|Address:||599 Portage Avenue|
|Architects:||Number Ten Architectural Group|
|Tours:||Part of the QR Code Tour|
Organized as two buildings under a single roof, the north side of the RCES is a four-storey block that houses the facility’s laboratories. Clad in dark brick and steel, its monolithic appearance anchors the building’s composition and is an architectural metaphor for Sir Isaac Newton’s scientific “black box.”
Along Portage Avenue, a two-storey, white-glass facade floats over the sidewalk, its simple horizontal massing reinforcing the urban street edge. High ceilings and south-facing glass walls allow sunlight to penetrate deep inside the building, a key sustainable-design strategy. Solar heat gain is controlled with a translucent white ceramic coating on the glass, applied in a pattern that graphically represents the periodic table laid across the grid of window mullions on the south wall. This expression acts as an outward celebration of the building’s role as an institution of scientific education and research.
Located in their correct positions within the table, the elements that are highlighted each tell a story about the environment and life on Earth. The unique facade stands as a prominent billboard for science and education in the city and will hopefully inspire discussion and awareness in the broader community.
A large plaza flows from the sidewalk at Portage and Langside Street through a transparent ground floor to a dramatic, tree-filled central atrium that will serve as an interior urban courtyard and gathering place for the campus and community.
As a sunlit circulation space connecting the two wings of the facility, the atrium will be an active place of interaction and collaboration. for students and faculty beyond the classroom environment. Grand cantilevered staircases, informal meeting spaces and open study areas are strategically located across the different levels of the open space to encourage personal connections that promote learning through casual discussion and the open exchange of ideas.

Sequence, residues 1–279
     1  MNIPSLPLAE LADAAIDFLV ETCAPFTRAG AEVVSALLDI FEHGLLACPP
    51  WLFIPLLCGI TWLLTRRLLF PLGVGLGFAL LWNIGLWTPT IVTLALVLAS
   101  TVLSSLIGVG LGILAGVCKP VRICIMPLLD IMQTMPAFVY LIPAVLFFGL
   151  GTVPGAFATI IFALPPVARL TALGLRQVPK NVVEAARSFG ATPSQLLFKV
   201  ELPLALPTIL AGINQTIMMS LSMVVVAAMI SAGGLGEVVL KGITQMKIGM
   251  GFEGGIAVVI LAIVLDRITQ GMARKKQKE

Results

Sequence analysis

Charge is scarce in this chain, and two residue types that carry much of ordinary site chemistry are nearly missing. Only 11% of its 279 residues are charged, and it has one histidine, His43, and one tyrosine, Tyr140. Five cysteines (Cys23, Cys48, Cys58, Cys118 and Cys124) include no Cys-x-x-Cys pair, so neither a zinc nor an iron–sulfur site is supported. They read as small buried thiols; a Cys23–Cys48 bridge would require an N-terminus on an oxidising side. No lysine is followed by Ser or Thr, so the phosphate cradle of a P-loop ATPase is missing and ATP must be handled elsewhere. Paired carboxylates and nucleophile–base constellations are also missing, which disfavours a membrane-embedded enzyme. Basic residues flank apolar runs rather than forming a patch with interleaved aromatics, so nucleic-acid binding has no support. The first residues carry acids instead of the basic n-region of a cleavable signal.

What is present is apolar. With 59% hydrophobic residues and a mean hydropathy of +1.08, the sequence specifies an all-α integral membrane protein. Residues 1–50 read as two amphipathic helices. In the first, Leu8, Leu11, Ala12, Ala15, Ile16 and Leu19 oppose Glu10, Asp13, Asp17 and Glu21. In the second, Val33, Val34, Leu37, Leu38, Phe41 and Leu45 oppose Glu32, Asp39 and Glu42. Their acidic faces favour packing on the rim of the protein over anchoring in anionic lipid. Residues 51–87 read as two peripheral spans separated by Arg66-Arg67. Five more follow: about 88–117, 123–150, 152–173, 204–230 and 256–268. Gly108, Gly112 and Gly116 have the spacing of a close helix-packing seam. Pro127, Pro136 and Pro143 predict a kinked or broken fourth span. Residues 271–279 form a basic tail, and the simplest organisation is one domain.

The most prominent feature of the atrium is a distinctive wood wall that reaches across its full height on the north side. The narrow wood slats tell a unique story, as they once made up the floor of the historic Winnipeg Roller Rink that occupied the site for more than a century. The wood was carefully dismantled, reconditioned and composed on the wall as a representation of the building’s sustainable character, while making an intimate connection to the memories of generations of Winnipeggers who skated on what was once “Canada’s largest wood floor.”
The wall also expresses the scientific nature of the building as the flared wood panels open to reveal a multicoloured pattern inspired by a DNA microarray, the graphic expression of a cell’s genetic pattern.
The complex is home to the University’s Faculty of Science as well as the Canada Research Chair in Indigenous Science Education, the Canada Research Chair in Inner City Issues and Community Learning and Engagement, the Institute of Urban Studies, the Master’s Program in Development Practice and the Indigenous Studies Program. The building is named for Hartley Richardson, President and CEO of James Richardson & Sons Limited, whose organization and family foundation invested significant funds in the early planning stages of the project.